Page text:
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Mercedes-Benz A45 2013 Review

Mercedes claims that the A45's 2.0 litre turbocharged engine is the world's most powerful production four.

The A45 is the AMG brand’s greatest departure to date from its roots of high performance rear-wheel drive sedans with big-capacity V8 and V12s.

Over the past decade, the three-letter badge from Affalterbach has appeared on all sorts of hot Benzes; with stonking performance and ‘that’ trademark exhaust growl available in anything from coupes to convertibles, wagons and SUVs. With the arrival of the new A45 from September, it can add the hottest of hot hatches to its impressive repertoire.

Despite being based on the humble A-Class small hatch, the all-wheel drive A45 promises supercar levels of performance, garnished by Mercedes’ boast that its 2.0 litre turbocharged engine is the most powerful four cylinder unit currently in series production.

This may be half the average AMG cylinder count, but the A45 also more than halves the AMG price of entry, and delivers efficiency to prove the AMG formula can be successfully morphed for the future. 


Compared to the current AMG-entry C63 sedan’s $154,900, the $74,900 A45 AMG looks like a performance bargain. The A45’s claimed 0-100km/h figure of 4.6 seconds is just two tenths behind its 6.2 litre V8-equipped sibling, and their standard spec lists and interior packaging are surprisingly comparable.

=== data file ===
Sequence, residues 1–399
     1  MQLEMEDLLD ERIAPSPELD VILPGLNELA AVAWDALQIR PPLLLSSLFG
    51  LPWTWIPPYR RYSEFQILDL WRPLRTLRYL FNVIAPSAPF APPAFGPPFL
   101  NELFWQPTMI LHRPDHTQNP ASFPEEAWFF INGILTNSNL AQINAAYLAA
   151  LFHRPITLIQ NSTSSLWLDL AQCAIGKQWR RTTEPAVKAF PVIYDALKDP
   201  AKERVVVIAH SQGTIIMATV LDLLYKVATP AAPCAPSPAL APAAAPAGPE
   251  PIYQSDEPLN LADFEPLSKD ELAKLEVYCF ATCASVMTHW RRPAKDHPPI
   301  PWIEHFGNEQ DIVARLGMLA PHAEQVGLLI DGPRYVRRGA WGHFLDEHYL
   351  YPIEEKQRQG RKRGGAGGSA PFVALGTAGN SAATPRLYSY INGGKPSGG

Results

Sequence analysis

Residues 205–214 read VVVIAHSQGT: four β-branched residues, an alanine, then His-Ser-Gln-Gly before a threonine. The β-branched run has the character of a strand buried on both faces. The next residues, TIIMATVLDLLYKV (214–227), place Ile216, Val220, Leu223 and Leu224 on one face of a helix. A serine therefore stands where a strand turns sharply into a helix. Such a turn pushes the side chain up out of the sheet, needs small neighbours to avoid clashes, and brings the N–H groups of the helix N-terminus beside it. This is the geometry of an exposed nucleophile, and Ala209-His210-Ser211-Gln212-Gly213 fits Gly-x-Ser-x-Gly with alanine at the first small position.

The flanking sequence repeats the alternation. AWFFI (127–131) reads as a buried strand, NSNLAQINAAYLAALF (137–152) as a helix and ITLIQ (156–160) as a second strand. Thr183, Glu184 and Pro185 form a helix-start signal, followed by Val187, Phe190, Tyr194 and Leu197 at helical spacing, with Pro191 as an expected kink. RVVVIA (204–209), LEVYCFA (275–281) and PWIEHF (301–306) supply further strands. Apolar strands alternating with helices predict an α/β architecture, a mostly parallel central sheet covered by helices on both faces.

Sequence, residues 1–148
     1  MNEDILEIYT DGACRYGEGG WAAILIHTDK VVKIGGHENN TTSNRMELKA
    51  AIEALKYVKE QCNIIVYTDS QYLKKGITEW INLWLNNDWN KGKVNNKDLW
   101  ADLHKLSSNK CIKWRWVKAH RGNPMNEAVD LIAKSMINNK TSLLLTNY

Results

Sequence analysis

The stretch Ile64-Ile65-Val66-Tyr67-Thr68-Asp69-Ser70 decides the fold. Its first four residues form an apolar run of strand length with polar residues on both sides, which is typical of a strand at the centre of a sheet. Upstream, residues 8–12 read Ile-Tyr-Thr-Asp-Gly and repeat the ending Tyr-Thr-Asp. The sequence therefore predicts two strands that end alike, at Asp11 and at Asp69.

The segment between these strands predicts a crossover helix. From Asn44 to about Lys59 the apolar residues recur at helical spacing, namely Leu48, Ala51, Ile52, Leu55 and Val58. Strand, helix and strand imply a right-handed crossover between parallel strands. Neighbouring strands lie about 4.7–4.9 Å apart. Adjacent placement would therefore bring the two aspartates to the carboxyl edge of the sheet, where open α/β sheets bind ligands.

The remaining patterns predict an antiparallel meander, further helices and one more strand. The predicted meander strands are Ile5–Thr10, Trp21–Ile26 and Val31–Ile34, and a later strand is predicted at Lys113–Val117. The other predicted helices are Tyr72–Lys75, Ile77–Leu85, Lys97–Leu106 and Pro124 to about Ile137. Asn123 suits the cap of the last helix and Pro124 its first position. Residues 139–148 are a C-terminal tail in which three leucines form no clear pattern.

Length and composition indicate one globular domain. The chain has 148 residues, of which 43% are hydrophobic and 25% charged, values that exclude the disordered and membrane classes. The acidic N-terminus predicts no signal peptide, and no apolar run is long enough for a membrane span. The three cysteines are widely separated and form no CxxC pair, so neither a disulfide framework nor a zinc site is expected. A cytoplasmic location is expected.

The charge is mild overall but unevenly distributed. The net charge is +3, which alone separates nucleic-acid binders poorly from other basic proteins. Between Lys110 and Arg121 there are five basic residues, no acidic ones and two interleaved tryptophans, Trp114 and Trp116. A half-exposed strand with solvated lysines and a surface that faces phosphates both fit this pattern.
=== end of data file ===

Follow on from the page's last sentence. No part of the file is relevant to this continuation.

Against more realistic rivals like the $64,900 BMW M135i or the segment stalwarts $59,990 Subaru WRX STi or the $56,990 Mitsubishi Lancer Evolution, the A45’s bargain status does diminish, but none can match the A45 for performance, freshness of design or spec.

The A45’s list of standard features includes a panoramic glass sunroof, seven inch multimedia screen, with satnav, 10GB hard-drive and internet capability, plus 12 speaker Harmon Kardon audio, dual-zone climate control and heated seats with memory adjustment. The only remaining options are ($490) blackened wheels, ($1990) 20% stiffer coil springs, a ($1990) aero package, and a spacesaver wheel to expand on the standard puncture kit.

In isolation, the A45 with its standard 19-inch wheels looks every bit an AMG tearaway, but alongside the already hot but non-AMG A250 Sport, there’s little visual differentiation aside from wheels and badging, extra black detailing, a unique grille and trapezoidal exhaust outlets.

For those wishing to shout their AMG status from a greater distance, there is the Aerodynamics Package fitted to our test car adds black ailerons and a larger front splitter to the front apron, and a boisterous wing to the hatch.

The interior is unmistakably AMG, with red highlights against perforated leather and trim, aluminium and carbon-look details, specific sports seats, and numerous AMG logos. The instrument cluster also includes a lap-timer, which is controlled by the steering wheel’s audio controls. German austerity this isn’t, but it suits the A45’s hardcore performance overtones.

The only concession to practicality is the loss of lesser A-Class’s front under-seat storage in favour of a lower seating position, but a useful 341L/1157L cargo area remains in the rear.



The A45’s top-dog petrol 2.0 litre punches out 265kW and 450Nm, with the latter on tap between 2250-5000rpm thanks to a flexible twin-scroll turbocharger. The highly-strung unit is kept reliable with the finite control of piezo direct-injection, plus the added strength of a forged crankshaft and pistons. Like AMG’s bigger engines, each A45 powerplant is hand-assembled by a sole engine builder.